Brazil, The New Offshore, and Contractor Profitability…

“My salad days, When I was green in judgment, cold in blood, To say as I said then!”

Cleopatra – Act 1, Anthony and Cleopatra

Bassoe Offshore had a very good and insightful article on Brazil this week. The key thing for me was the sheer drop in volume of rigs working in Brazil:

As we noted earlier this year, the number of drilling rigs in Brazil has gone from over 80 to under 30 during the past five years.  Currently, 26 rigs are on contract (all for Petrobras), but only about 20 are on full dayrate and drilling due to Petrobras’ reduced effective demand.  By the end of 2018 – assuming no new contracts or contract extensions – Petrobras will have 14 rigs working for them.  By 2021, this number becomes three. 

We estimate that Petrobras has a minimum requirement of around 20 rigs to sustain production through 2021.

Rigs are obviously the leading indicator of future subsea work and it’s worth putting some context on this as Bassoe Offshore did in April:

If you were an offshore rig owner back in 2010–2014, Brazil was the land of opportunity.  Petrobras offered long term contracts with solid dayrates.  Everyone wanted to be there.  Rigs were built; demand seemed insatiable. 

Petrobras even initiated Sete Brazil, a company with plans to build 29 Brazilian-content, deepwater semisubs and drillships, which was slated to be Brazil’s path to global prominence in rig construction and a boost to the country’s industry and economy.

And in order to keep production going from all the well work these rigs would be doing Petrobras went just as long on flexlay capacity. The strategy here was slightly different: Petrobras choose the two most capable subsea contractors in the world and signed them up for a vast investment campaign to buy specialist Pipe-Lay Support Vessels (PLSVs) and contract them for a period of c. 30% of their expected economic life. Technip, who always seem to call these things correctly, decided to share the risk 50/50 with DOF Subsea for four vessels, while Subsea 7 decided to build and own its three vessels.

There is a constant commentary about how high the margins are on these contracts, and it is true that during the firm period they look good, outstanding even, but there is a very real risk that some of these vessels will be re-delivered. A company that had 80 rigs working and went long on flex-lay capability with 7 vessels is unlikely to need that number in the future when it has c. 20 rigs working. For a whole pile of reasons the drop in demand is unlikely to be linear, but you only need to be directionally correct here to understand the scale of the issue.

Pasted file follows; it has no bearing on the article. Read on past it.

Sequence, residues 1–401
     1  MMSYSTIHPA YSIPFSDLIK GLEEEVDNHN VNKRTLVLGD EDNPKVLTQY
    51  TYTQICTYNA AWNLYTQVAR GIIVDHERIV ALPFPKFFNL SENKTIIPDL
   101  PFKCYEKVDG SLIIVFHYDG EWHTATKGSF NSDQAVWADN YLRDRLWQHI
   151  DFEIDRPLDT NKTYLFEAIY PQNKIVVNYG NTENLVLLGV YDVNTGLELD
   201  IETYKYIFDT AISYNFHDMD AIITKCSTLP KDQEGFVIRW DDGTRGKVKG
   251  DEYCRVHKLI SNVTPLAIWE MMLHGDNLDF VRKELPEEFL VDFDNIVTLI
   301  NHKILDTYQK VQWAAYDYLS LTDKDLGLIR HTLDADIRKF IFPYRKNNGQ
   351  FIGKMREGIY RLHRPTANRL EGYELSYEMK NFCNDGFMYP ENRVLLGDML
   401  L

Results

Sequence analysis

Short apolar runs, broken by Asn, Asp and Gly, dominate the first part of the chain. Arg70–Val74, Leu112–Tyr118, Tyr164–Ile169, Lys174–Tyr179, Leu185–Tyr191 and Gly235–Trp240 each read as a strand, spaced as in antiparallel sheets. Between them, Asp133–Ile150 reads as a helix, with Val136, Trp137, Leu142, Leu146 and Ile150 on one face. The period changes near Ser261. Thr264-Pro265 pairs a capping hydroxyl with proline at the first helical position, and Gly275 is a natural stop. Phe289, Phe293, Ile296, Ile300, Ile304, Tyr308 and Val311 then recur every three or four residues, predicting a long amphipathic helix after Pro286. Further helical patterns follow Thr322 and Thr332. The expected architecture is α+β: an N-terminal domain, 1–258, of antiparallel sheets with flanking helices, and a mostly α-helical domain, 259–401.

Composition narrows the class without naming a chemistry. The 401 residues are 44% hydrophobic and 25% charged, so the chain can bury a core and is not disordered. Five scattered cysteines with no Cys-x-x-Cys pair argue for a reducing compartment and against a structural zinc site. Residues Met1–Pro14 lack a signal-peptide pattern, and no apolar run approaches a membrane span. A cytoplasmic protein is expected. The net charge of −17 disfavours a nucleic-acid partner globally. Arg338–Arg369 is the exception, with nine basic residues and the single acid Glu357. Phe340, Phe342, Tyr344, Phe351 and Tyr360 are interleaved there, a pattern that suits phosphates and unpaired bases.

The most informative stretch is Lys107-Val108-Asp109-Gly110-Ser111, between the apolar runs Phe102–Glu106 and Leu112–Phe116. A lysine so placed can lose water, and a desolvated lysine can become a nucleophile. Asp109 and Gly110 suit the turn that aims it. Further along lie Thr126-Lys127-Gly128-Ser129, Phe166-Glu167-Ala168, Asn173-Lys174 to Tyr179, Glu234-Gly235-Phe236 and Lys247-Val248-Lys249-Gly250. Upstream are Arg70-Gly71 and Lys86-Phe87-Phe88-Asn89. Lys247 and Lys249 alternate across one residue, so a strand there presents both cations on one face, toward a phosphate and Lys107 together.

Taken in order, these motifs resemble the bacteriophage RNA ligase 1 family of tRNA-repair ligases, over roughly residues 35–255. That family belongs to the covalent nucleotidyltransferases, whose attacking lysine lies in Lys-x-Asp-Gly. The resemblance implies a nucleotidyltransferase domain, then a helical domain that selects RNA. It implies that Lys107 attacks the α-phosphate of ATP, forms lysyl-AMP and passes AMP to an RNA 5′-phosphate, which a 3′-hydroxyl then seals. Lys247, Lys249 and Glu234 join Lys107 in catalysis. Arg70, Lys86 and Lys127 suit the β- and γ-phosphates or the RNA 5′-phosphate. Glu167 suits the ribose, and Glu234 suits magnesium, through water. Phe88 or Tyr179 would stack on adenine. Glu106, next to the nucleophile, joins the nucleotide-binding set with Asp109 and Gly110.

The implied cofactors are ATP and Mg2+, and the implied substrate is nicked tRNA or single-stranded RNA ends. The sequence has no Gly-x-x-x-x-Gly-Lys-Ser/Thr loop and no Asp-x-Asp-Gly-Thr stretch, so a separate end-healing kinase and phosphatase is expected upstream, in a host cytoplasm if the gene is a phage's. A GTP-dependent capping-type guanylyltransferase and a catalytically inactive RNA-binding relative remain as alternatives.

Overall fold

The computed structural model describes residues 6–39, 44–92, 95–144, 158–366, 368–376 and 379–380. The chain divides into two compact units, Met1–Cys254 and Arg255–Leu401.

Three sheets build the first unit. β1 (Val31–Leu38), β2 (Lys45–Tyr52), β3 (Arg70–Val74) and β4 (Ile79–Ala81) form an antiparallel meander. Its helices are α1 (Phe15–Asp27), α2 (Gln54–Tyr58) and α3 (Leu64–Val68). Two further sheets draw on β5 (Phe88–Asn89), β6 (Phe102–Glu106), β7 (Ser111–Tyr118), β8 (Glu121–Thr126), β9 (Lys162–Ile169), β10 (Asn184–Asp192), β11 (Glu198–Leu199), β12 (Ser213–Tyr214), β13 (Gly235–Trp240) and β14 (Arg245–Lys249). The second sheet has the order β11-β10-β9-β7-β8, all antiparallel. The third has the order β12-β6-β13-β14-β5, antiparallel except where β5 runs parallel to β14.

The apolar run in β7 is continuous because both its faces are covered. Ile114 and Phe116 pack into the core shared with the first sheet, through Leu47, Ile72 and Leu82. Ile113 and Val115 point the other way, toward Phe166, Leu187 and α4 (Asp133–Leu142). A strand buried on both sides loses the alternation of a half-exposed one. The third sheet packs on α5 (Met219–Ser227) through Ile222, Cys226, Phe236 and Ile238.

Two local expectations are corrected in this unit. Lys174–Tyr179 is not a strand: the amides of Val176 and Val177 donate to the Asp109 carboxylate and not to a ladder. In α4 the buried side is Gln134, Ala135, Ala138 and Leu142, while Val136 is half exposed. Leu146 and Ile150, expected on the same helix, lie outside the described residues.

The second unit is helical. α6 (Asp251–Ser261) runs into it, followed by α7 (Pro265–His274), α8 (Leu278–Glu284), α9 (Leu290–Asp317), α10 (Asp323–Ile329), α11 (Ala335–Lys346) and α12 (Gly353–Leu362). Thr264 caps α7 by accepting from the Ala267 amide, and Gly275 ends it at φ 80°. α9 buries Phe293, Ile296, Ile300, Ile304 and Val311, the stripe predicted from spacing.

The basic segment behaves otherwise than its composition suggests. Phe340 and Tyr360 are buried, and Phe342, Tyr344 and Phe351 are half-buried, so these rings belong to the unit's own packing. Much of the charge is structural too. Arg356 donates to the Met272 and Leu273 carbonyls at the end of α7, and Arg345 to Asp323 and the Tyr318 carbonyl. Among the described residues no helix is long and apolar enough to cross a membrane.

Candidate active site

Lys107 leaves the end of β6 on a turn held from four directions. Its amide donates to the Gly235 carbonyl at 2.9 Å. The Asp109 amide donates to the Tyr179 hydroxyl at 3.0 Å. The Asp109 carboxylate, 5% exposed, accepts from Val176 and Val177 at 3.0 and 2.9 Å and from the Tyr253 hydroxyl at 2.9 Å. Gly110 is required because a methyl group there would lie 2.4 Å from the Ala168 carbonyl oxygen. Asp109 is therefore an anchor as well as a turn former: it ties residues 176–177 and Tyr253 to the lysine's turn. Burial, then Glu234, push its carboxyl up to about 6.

Brazil also has proper emerging market risk characteristics in it’s local cabotage regulations that favour local tonnage as Subsea 7 found out this year when the Seven Mar had its charter terminated early,effectively for convenience, and therefore had to reduce backlog by USD 106m. So clearly the economic reason you get a good margin is because there is actually a fair bit of risk in building such a specific asset for such a unique (and having worked on a Petrobras contract I use the word in its most expressive sense) customer: the downside here is in 7 years you get a ship back quayside in Brazil that costs USD 15k per day to run and is only good for laying pipe in 3000m of water. All of a sudden that healthy margin for the last seven years doesn’t look quite so attractive, and this is a very real possibility here for at least 3 or 4 of these vessels.

This fact clearly had a massive impact of the ability of DOF Subsea to get an IPO away and is one of a number of huge strategic issues DOF Subsea has. The DOF Subsea investors were hoping to remove some of the risk of vessel redelivery, and the price the investors were offering to do this just wasn’t enough, or in sufficient volume, for a deal to be agreed. Given the binary nature of the payoff involved it is no surprise a mid-point on the two positons could not be reached: Because a downside scenario is that Petrobras halves the number of contract PLSVs it wants and Subsea 7 comes in with a low bid and the Technip/DOF Susbea JV has its entire fleet redelivered. It may not be likely but it cannot be ruled out either.